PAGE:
View the H-AMINDIAN Discussion Logs by month
View the Prior Message in H-AMINDIAN's December 2006 logs by: [date] [author] [thread]
View the Next Message in H-AMINDIAN's December 2006 logs by: [date] [author] [thread]
Visit the H-AMINDIAN home page.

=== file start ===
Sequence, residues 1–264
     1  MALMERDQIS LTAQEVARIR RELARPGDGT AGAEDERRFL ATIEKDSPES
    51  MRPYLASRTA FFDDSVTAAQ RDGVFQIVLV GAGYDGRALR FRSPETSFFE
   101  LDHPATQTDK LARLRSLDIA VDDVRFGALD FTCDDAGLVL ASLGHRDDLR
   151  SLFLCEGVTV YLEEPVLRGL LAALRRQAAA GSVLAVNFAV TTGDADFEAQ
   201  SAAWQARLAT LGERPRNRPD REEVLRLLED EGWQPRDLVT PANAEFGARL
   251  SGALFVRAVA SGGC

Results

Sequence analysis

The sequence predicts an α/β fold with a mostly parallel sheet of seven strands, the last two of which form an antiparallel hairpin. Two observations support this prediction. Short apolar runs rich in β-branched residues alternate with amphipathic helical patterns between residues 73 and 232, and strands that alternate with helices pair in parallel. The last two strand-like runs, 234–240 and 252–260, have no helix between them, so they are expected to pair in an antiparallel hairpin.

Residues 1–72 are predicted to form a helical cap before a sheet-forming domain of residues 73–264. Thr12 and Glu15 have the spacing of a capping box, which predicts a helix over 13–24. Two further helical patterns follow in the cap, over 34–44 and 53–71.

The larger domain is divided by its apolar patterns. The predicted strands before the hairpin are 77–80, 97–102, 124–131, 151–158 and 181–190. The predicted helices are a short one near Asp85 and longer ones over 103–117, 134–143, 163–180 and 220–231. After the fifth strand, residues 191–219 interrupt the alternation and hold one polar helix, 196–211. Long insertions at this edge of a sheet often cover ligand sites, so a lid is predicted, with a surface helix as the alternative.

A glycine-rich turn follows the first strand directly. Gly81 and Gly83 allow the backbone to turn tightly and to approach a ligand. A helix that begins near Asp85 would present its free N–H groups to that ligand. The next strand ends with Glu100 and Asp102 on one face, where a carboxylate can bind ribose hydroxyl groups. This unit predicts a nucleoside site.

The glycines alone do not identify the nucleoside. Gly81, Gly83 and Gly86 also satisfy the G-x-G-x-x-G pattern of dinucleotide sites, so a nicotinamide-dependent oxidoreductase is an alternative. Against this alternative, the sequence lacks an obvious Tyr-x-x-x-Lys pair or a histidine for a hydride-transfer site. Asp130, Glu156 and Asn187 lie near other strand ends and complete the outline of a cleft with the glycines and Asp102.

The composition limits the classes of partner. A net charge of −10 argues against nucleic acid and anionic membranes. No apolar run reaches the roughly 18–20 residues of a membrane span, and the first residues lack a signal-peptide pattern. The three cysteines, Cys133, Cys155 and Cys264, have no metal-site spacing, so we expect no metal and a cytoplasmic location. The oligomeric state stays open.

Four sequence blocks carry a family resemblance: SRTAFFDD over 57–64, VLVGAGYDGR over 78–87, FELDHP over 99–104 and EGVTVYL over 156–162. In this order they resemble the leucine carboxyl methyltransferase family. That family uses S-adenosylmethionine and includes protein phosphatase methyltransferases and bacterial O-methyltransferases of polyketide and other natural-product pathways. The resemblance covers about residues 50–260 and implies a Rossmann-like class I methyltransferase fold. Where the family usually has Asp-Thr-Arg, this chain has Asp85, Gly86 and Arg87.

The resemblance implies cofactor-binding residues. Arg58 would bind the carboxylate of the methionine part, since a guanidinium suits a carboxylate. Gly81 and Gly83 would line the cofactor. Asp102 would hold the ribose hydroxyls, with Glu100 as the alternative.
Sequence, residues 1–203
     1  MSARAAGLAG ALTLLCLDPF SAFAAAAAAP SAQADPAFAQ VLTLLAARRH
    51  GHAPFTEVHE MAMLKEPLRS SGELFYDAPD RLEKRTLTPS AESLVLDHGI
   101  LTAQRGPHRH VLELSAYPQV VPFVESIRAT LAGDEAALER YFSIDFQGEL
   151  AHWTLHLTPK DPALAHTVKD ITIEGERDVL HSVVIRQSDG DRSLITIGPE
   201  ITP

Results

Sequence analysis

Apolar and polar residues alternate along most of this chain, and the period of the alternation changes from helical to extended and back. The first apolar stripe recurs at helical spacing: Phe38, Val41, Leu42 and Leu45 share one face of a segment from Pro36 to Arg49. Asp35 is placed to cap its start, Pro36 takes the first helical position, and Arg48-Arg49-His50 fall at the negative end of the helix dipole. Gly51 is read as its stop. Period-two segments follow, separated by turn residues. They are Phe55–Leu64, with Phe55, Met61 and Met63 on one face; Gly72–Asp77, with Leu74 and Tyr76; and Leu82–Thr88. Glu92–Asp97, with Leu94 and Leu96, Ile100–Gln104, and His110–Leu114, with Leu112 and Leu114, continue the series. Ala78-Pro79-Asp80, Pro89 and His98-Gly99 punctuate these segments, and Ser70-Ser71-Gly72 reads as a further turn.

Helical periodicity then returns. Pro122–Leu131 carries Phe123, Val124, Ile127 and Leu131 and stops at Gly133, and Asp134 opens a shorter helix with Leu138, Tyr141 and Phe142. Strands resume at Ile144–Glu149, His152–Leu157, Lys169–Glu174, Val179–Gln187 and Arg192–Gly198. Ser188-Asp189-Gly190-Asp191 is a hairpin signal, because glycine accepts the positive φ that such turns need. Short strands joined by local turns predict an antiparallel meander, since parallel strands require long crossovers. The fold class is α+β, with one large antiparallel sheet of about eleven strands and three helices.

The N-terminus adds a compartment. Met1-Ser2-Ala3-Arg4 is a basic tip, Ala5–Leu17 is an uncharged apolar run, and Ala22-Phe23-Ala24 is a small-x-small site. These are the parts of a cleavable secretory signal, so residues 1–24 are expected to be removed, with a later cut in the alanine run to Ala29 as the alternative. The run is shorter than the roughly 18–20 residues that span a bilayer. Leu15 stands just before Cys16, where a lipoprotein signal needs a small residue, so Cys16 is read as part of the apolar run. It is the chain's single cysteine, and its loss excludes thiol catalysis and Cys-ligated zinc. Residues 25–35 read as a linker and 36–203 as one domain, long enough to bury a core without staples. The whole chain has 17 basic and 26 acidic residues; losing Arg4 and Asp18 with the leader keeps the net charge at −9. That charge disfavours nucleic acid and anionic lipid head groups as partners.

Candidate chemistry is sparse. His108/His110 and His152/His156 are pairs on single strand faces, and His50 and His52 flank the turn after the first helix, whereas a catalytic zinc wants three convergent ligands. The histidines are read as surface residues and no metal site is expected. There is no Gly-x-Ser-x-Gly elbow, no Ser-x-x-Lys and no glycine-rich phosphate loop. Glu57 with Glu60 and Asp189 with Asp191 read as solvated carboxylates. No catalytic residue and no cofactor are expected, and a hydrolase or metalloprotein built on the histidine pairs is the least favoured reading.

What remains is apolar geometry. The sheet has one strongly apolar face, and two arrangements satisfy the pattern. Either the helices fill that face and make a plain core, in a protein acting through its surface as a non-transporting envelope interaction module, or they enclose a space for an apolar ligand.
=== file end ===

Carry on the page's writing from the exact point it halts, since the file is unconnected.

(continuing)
- - - - - - - - - - - - - - - - - - - - - - - - - - - - FYI: News Items of Interest, December 28, 2006 (3 items) Compiled by Joanne Robertson Additional information about sources available at the end of the message. - - - - - - - - - - - - - - - - - - - - - - - - - - - -  "Many Rural Alaska Villages Still Without Water," Tamar Ben-Yosef, Alaska Newspapers Inc., The Associated Press State & Local Wire, December 27, 2006. Copyright 2006, Associated Press, All Rights Reserved. ["As 2006 closes, 34 percent of Alaskan Native villages still do not have modern water and sewer services....While building the infrastructure for modern water services in rural villages has been an ongoing effort for some time now, it has taken on a new urgency given the results of a recently completed study that links lack of water service to infectious diseases. The study, in which researchers surveyed the Yukon-Kuskokwim region, examined the relationship between proximity to potable water and wastewater disposal and the risk of infectious diseases. The Yukon-Kuskokwim region of Alaska is the least developed in terms of modern water services and highest for rates of hospitalization due to infectious diseases. For the study, modern water services refers to pressurized water systems in the home, meaning the ability to turn on a faucet...[A]ll villages have a purified water point a small treatment facility where villagers can go with a bucket to get water...This means that while access to drinking water is a lesser issue, it is not the case with simple actions such as hand-washing and disposing of wastewater....The main problem is a lack of awareness in these communities about the importance of hygiene. For instance, many people may reuse the same water bowl for washing their hands....The majority of villages that do not have modern water services are either built on permafrost ground or on swampy tundra areas. That creates difficulty and higher costs for building the necessary pipe systems...Efforts to get running water to rural Alaskan villages have been ongoing, with several agencies involved, among them tribal health organizations..."]  "Stories of 'Mother Earth'; Oneidas Dig to See What Europeans Left," Glenn Coin, The Post Standard (Syracuse, New York), December 27, 2006, p. B1. Copyright 2006, Post Standard, All Rights Reserved. ["It's not uncommon for archaeologists to uncover artifacts used long ago by American Indians. But for Indians to uncover - and preserve - artifacts left by European-Americans is a bit more unusual. That's what the Oneida Indian Nation did recently while researching the land around an old house in Verona slated for demolition. The nation's own archaeologist and a team of consultants found a variety of artifacts that gave insight into the life of a German-American family in the late 19th century...The soil around the former Smith...farmhouse was full of artifacts, including nails, ceramic shards and animal bones. The dig is just one of many the nation has conducted since it began buying property in Madison and Oneida counties in the early 1990s. Nation leaders say they conduct archaeological surveys in accordance with federal and state laws - and with their own cultural beliefs...The dig happened over the summer, but nation officials are still reviewing the consultant's report to determine what to do next. At other sites, areas where artifacts were found were roped off to keep heavy machinery away. The nation's archaeology program also has uncovered ancient sites. To illustrate, Bergevin last week removed a handful of rock flakes from a clear plastic bag and laid them on a table in his office in Oneida. They were chert flakes, the pieces of rock chipped away to make small, sharpened tools used for scraping meat from bones or loosening fibers for baskets...[dating ]...to 600 to 200 B.C...."]  "Province Told to Butt Out in Illegal Cigarrettes Trial,' Jane Seyd, North Shore News (British Columbia), December 27, 2006, p. 1. Copyright 2006, North Shore News. All Rights Reserved. ["A member of the Squamish Indian band whose business was raided by provincial investigators last year for selling illegal cigarettes has argued in court that the province has no business telling natives how they can sell tobacco on native land. Donald Joe saw his cigarette business go up in smoke last February after he was raided by provincial investigators who carted away more than 880 cartons, the entire $60,000 inventory of his Big Chief's Discount Smokes...A year after the raid, Joe was charged under the provincial Tobacco Tax Act with five offences that include selling the cigarettes without a provincial permit and with failing to submit the required tax to provincial authorities. If he's found guilty, Joe could potentially be facing fines of more than triple the tax that authorities say he should have paid. But Joe -- who also goes by the name of Don Mathias -- has pleaded not guilty and is fighting the case as an infringement on his native rights. In North Vancouver provincial court last week, Joe's defence lawyer Glen Bell told Judge Carol Baird Ellan the provincial Tobacco Tax Act shouldn't apply to Joe because 'tobacco sales he made to Indians were not subject to taxation.' Bell argued the federal government alone has jurisdiction over native reserves and Indians and the only provincial laws that should apply there are those that have nothing to do with native issues....Crown counsel lawyers have disagreed with that and argued the case is simply a matter of Joe breaking provincial tax laws....A decision on the case is expected in March."] - - - - - - - - - - - - - - - - - - - - - - - - - - - - FYI: News Items of Interest is a daily resource compiled by the H-AMINDIAN staff. It features a sampling of news stories concerning Native issues in Canada, the United States and Mexico. In order to comply with Academic Fair Use and copyright laws, only a summary of the news articles is offered here. We will not reproduce articles in whole. Only stories from the Canadian Broadcasting Corporation (CBC) offer a direct link to the article in question (the link follows immediately after the summary). However, online links to all of our sources are available at our website: http://www.asu.edu/clas/history/h-amindian/list.html. Your college, university, or public library may provide access to online data bases and services (such as Lexis-Nexis, ProQuest, or Dialog) with full-text versions of these and other stories. H-AMINDIAN is part of the H-NET family and is housed in the Department of History, Arizona State University. Visit our website at http://www.asu.edu/clas/history/h-amindian/